Effectiveness of a nicotine patch in helping people stop smoking: Results of a randomised trial in general practice
Godlee R., Harrington R., Kearley K., MacLennan N., Mant D., Murray J., Nichols M., Van Oss H., Stern D., Stevens R., Thurston D., Wilson R., Wood S.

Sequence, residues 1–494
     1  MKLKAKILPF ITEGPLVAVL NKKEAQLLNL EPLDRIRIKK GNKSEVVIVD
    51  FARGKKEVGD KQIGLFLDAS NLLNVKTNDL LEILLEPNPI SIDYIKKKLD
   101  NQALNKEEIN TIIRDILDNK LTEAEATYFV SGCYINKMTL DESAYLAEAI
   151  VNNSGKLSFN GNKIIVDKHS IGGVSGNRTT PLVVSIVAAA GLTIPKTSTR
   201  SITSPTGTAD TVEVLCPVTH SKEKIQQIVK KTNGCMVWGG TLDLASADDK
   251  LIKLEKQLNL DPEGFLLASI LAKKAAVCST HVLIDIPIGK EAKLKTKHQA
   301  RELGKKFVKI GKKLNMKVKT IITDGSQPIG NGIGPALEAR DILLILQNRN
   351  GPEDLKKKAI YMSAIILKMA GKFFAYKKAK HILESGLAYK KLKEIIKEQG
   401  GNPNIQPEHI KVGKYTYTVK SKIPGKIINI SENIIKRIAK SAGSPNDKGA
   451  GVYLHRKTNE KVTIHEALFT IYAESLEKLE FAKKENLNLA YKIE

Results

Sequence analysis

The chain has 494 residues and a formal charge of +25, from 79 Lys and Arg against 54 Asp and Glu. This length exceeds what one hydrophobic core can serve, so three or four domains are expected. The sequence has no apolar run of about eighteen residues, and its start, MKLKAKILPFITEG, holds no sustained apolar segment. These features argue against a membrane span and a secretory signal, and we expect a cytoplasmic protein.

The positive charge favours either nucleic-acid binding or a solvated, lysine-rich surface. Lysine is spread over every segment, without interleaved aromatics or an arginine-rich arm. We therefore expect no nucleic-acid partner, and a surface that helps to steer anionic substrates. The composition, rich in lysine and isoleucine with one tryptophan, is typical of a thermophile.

Objective - To assess the effectiveness of 12 weeks' treatment with a 24 hour transdermal nicotine patch in helping heavy smokers to stop smoking; also to assess the value of a specially written support booklet about smoking cessation and patch use compared with a simple advice pamphlet. Design - Double blind placebo controlled randomised trial with a 2 x 2 factorial design. Setting - 19 general practices in Oxfordshire. Subjects - 1686 heavy smokers aged 25-64 (mean cigarette consumption 24/day; mean duration of smoking 25 years). Main outcome measure - Sustained cessation for the last four weeks of the 12 week treatment period, confirmed by saliva cotinine estimation (226/262 cases; 86.3%) or expired carbon monoxide concentration (36/262; 13.7%). Patients lost to follow up (155/1686; 9%) were assumed to have continued to smoke. Results - Cessation was confirmed in 163 patients (19.4%) using the nicotine patch and 99 patients (11.7%) using the placebo patch (difference 7.6% (95% confidence interval 4.2% to 11.1%); p < 0.0001). There was no significant advantage in using the more detailed written support material. The most important adverse effect of the patch was local skin irritation, which occurred in 15.8% (133/842) and 5.1% (43/844) of patients using the nicotine and placebo patches respectively, was graded as severe in 4.8% (40) and 1.1% (nine), and was stated as a reason for withdrawal from the trial in 9.5% (80) and 2.8% (24). Conclusion - Nicotine patches are effective in a general practice setting with nursing support, but the extent to which this effect is sustained cannot be assessed until the results of long term follow up are known.